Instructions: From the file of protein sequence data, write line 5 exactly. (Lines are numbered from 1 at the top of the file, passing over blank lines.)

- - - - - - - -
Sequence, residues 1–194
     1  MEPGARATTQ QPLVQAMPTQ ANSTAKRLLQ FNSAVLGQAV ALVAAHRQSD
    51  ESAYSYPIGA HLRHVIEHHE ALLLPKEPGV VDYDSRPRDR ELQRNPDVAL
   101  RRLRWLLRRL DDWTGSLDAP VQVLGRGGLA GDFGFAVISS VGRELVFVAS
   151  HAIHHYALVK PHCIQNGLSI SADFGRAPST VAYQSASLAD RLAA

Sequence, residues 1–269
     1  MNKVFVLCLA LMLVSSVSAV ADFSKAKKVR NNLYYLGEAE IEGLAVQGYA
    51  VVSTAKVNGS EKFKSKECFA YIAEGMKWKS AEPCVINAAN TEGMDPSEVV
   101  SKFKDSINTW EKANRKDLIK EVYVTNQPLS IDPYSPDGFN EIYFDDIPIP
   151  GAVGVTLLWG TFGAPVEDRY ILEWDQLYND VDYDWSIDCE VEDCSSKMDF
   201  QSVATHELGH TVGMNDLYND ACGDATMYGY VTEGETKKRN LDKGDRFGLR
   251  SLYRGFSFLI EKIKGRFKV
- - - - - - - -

   151  HAIHHYALVK PHCIQNGLSI SADFGRAPST VAYQSASLAD RLAA